Is this the worst Internet law ever
But saner, more sober voices than Trump’s are calling for actions even more frightening than that to fight terrorism — notably, prosecuting citizens for merely viewing websites that the government considers dangerous. Welcome to the frightening contemporary politics of antiterrorism, in which the Internet has become the favored whipping boy, and the Constitution and your rights could become the biggest victims.
Leading the charge against the Internet and the Constitution in the name of fighting terrorism is Eric Posner, professor of law at the University of Chicago. Writing in Slate, he warns that because of the Internet, “Never before in our history have enemies outside the United States been able to propagate genuinely dangerous ideas on American territory in such an effective way.” His solution: “New thinking about limits on freedom of speech.”
What would those limits be Primarily, in his view, a law that would make it illegal for people to visit websites that glorify or support ISIS, or to distribute links to those sites or any videos, images or text taken from those sites. He would also ban people from accessing “ISIS-related recruitment social media posts.”
On a first violation, a person would be sent “a warning letter from the government.” After that, though, they would face prison sentences or fines.
The law, Posner says, is aimed only at “naive people … who are initially driven by curiosity to research ISIS on the Web.” Some people would be exempt from it, including journalists and those with “a track record of legitimate public commentary on blogs and elsewhere, academic affiliations, employment in a security agency, and the like.” So no longer would the Constitution equally protect the rights of all citizens. He would like its protection to be based on your job, your blogging history or your academic standing.
His proposal, if passed, would be one of the worst assaults in history on our rights, as well as on the Internet itself. Many law professors and civil libertarians have warned about the dangers of following his suggested path. Geoffrey R. Stone, an expert on constitutional law at the University of Chicago, is just one of many. He points to the dangers of similar past laws, such as the Sedition Act of 1798, which outlawed false statements about the government. That law was used by the Federalists in power to persecute Thomas Jefferson’s supporters.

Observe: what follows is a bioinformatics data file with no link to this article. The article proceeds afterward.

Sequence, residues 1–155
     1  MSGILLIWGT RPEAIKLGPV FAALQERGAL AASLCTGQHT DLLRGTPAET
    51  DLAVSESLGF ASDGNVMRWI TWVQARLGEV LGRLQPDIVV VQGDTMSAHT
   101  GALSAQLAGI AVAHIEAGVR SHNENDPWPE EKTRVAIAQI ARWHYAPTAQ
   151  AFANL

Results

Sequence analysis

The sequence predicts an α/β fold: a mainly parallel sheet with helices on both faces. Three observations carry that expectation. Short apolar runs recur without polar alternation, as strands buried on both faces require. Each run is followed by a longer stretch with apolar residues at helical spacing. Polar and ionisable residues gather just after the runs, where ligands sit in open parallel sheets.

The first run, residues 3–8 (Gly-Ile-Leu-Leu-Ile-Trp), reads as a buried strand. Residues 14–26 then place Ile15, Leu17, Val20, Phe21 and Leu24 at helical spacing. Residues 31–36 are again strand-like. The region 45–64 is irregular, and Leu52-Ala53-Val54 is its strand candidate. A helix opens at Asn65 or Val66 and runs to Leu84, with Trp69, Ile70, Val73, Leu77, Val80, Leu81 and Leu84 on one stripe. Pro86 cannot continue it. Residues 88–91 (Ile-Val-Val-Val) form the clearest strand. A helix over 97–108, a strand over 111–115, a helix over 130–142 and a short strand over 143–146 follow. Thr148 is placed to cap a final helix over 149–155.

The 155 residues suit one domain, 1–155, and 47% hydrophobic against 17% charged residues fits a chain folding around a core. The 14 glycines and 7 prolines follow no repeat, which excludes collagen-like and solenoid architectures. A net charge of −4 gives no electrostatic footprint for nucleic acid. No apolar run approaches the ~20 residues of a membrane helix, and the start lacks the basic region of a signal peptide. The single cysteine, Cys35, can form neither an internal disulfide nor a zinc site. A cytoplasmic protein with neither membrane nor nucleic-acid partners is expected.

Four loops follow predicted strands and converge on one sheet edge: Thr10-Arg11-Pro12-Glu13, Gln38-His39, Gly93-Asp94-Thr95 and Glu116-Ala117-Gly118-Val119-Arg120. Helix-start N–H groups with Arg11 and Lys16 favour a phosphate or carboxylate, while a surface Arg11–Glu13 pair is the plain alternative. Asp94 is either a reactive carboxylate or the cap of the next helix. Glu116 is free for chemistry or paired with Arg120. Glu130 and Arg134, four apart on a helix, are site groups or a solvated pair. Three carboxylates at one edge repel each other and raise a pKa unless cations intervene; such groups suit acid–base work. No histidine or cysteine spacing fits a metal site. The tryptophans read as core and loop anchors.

By making it illegal to visit a website that the government considers dangerous, Posner’s law would go even beyond the Sedition Act. And it could lead to a vast surveillance infrastructure tracing what we all do on the Internet. Enforcing it would require tracking the IP address of every person who visits certain sites, then matching those IP address to specific individuals, investigating them and prosecuting them.
Today, the law would only target websites related to ISIS. But laws have a way of metastasizing once they’re passed. Who will be targeted tomorrow Over the last several decades, there has been a substantial amount of violence that could be considered domestic terrorism against doctors and organizations that support a woman’s right to abortion, including the recent mass shooting in Colorado. Using Posner’s reasoning, could the government ban anti-abortion sites and prosecute people who visit them
You may dismiss Posner’s ideas as those of someone on the fringes of legal respectability. But he’s anything but a legal outsider. He is a professor at one of the country’s most prestigious law schools. Between 2009 and 2013, he was the fourth most-cited legal scholar in the United States.
Today, Posner admits, his proposed law would likely be declared unconstitutional by the Supreme Court. But Stone, his fellow professor at the University of Chicago, warned in The New York Times, “Five years from now, who knows You can imagine a scenario in which things get so terrible that you start watering down the protections.”
Let’s hope he’s wrong. The Internet in its current form couldn’t survive it — and neither would the U.S. Constitution.